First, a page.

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Investigation of magnetization structures in ferromagnetic and superconducting samples by magnetic force microscopy

Schendel, Petrus J. A. van. Investigation of magnetization structures in ferromagnetic and superconducting samples by magnetic force microscopy. 1999, Doctoral Thesis, University of Basel, Faculty of Science.

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Official URL: http://edoc.unibas.ch/diss/DissB_5222

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Abstract

Even though the phenomenon of magnetic ordering in solids was already known to the
ancient Greek, the microscopic understanding of why certain materials show magnetic
order dates from this century. In particular, even though some form of magnetic domains
was already expected by Weiss when he formulated his theory of Ferromagnetic
ordering in 1907, direct experimental evidence of their existence was only provided
in 1931 by measurements of v. Hámod and Thiessen and Bitter. In these experiments,
the domain structure was determined by the imaging of small magnetic particles
that decorate regions with high magnetic stray fields. This decoration is due to the interaction
force between these particles and the sample stray field. Interestingly enough,
the reason why the domains were formed was still unclear, and was only clarified in
1935 by Landau and Lifschitz.
The phenomenon of Superconductivity on the other hand, was discovered much
more recently in 1911 by Kamerlingh Onnes. After its discovery, it took until 1933, when
Meissner and Ochsenfeld found that superconductors are ideal diamagnets, repelling
the magnetic flux from their inside, even if the field is applied before the superconductor
becomes superconductive. Again, the existence of domains was first predicted from the
theory published by Landau in 1937, but it took until the fifties before the first magnetic
flux structures in superconductors were imaged, again using the decoration technique.
Thus, even though the theoretical understanding of the domains in ferromagnets
and superconductors evolved almost simultaneously, the first direct observation of the
latter took 23 years longer, which was probably due to the experimental diffculties of
studying superconductors.
Magnetic force microscopy (MFM) is a relatively new technique for imaging these
magnetization structures. It combines the properties of the decoration technique (the
contrast formation is due the magnetic interaction between the stray field of the sample
and a small magnetic particle) with the properties of the scanning force microscopy
technique developed by Binnig, Quate and Gerber (measuring the interaction be-
tween the particle and the sample as a function of position through the deflection of
a cantilever beam). The first MFM measurements were made on ferromagnets.
Again, the first observation of magnetization structures in superconductors took somewhat
longer, until 1994. Nowadays with time and effort, the experimental diffculties
of working with MFM at low temperatures have been diminished by the development of
better instruments and improved measurement methods. The measurements presented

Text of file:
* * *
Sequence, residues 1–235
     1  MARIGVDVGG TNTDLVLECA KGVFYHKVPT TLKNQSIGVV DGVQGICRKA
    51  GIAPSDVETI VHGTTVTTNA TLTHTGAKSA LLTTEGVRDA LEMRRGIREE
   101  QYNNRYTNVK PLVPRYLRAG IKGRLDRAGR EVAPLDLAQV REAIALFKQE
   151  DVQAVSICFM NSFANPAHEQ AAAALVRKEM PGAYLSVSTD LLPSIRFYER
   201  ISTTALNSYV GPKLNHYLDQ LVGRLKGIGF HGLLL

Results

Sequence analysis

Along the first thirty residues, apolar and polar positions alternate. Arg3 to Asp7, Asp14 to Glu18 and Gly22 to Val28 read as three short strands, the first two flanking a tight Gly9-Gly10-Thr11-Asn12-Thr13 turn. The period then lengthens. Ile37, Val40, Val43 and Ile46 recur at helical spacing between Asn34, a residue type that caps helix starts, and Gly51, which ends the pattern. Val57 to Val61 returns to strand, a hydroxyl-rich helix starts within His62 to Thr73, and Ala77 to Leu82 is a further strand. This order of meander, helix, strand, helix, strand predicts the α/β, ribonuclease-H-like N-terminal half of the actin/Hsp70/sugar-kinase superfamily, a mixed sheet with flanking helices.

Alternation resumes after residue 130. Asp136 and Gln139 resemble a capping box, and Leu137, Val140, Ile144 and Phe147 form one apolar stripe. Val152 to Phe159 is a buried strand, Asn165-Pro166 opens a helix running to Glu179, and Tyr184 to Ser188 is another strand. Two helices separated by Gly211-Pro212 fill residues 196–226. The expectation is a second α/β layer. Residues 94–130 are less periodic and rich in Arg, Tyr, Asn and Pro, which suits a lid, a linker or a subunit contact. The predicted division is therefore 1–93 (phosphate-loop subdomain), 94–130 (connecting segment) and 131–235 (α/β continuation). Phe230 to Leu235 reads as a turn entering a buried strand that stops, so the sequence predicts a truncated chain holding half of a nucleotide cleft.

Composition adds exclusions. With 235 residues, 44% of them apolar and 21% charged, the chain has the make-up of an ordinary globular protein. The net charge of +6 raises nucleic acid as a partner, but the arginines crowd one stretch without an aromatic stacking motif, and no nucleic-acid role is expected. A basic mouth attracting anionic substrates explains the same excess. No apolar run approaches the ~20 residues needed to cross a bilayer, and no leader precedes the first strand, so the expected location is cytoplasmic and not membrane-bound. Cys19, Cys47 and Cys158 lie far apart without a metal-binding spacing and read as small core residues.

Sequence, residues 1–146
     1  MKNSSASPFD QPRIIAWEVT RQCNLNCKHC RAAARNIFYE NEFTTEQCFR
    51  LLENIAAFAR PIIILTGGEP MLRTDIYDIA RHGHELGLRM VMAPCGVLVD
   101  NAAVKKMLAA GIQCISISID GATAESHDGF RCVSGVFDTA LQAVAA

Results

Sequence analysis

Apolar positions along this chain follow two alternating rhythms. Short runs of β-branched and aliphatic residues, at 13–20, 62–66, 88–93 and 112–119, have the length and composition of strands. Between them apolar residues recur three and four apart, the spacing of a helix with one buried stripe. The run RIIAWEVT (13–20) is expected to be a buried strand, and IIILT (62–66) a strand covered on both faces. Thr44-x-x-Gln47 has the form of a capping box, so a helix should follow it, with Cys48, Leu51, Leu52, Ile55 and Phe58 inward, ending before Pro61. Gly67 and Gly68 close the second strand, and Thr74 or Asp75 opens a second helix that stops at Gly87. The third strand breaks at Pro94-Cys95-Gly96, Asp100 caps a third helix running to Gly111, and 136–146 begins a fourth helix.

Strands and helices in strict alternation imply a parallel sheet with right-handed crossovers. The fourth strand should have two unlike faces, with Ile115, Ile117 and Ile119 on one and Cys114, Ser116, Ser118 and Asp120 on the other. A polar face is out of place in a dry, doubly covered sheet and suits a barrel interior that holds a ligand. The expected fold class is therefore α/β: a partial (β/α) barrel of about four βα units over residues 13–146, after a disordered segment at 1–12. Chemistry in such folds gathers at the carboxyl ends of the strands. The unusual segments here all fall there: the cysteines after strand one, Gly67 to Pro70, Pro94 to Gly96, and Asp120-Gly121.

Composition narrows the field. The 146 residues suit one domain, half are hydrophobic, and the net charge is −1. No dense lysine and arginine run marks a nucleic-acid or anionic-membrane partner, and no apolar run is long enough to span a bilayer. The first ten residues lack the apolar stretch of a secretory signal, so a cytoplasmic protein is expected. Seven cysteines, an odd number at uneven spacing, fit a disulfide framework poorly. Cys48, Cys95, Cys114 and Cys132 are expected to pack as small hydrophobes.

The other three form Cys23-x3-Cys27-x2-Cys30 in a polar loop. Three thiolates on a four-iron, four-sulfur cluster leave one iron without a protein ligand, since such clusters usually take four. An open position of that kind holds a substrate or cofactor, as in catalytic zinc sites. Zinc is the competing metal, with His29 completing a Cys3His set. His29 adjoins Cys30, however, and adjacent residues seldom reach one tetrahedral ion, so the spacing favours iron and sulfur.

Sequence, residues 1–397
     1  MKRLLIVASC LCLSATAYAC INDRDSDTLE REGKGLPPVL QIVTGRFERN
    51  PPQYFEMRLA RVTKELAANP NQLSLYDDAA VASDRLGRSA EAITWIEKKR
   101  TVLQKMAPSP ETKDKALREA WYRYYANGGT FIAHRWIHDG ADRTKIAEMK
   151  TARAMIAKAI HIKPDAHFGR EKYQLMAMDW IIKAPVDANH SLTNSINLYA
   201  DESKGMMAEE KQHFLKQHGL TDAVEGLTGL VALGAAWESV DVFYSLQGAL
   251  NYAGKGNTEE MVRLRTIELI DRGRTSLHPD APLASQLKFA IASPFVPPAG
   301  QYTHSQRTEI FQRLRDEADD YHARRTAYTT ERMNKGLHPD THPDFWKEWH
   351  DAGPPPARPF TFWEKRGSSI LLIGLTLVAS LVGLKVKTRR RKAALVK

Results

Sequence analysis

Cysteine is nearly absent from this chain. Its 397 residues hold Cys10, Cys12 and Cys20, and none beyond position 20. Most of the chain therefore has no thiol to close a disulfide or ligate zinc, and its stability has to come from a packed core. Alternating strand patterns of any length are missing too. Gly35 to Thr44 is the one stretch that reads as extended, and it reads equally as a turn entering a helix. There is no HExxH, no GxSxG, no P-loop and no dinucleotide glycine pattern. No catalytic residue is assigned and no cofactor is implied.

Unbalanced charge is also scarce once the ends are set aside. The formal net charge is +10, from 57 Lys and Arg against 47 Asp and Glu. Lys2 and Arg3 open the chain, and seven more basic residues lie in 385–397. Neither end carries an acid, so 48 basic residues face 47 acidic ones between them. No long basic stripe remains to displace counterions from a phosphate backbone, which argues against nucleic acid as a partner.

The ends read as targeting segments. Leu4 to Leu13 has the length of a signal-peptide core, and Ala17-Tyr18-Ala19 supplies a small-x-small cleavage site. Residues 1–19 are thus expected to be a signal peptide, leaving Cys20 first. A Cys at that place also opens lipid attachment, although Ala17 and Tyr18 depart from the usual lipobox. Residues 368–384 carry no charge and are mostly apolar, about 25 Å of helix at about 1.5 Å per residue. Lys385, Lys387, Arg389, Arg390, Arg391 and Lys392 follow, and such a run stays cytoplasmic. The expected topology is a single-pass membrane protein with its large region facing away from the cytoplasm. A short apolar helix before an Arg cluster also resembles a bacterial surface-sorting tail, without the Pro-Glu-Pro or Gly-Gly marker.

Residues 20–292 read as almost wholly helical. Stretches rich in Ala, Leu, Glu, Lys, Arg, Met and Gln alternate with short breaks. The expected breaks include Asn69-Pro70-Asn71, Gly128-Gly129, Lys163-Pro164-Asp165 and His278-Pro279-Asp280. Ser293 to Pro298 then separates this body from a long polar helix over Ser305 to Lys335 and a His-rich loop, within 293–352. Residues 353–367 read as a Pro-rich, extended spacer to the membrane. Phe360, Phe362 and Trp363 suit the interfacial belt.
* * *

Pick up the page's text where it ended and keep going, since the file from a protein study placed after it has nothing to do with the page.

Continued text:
in this thesis were made with such an instrument, the design of which is discussed in
chapter 2.
Compared to other types of magnetic imaging,2 the advantages of the MFM technique
are a high spatial resolution imaging and relatively low requirements for sample
preparation. Another, unique property of the MFM is that it can be used as a tool for
determining the response of the sample to a local applied field and for modifying the
sample. One of the main disadvantages of the MFM until now has been the diffculty
to interpret the measured signal. In recent years, the improvement in the quality of
the instrument and the subsequent improvement of the measurement quality has allowed
the development of procedures that allow the quantitative interpretation of the
measured contrast. The methods developed for quantitative evaluation of the MFM
measurements as part of this thesis-work are described in more detail in chapter 3.
The application of the MFM method to the analysis of ferromagnetic materials is
described in chapter 4. A point of interest in the research of these materials is the
influence of the interfaces between ferromagnetic and other materials on the magnetic
properties of the sample. Here, this influence was studied using Cu/Ni/Cu/Si(001)
sandwich structures, because they show a particularly interesting dependence of the
preferred orientation of the magnetization on the thickness of the nickel layer.
Finally, the application of the MFM method to the study of superconductors is
described in chapter 5. In addition to the imaging of the magnetic structures occurring
in the superconductor, the use of the MFM to study the response of the superconductor
to a local applied field is discussed.
Advisors:Güntherodt, Hans-Joachim
Committee Members:Meyer, Ernst
Faculties and Departments:05 Faculty of Science > Departement Physik > Former Organization Units Physics > Experimentelle Physik (Güntherodt)
UniBasel Contributors:Güntherodt, Hans-Joachim and Meyer, Ernst
Item Type:Thesis
Thesis Subtype:Doctoral Thesis
Thesis no:5222
Thesis status:Complete
Bibsysno:Link to catalogue
Number of Pages:84
Language:English
Identification Number:
Last Modified:22 Apr 2018 04:30
Deposited On:13 Feb 2009 14:34

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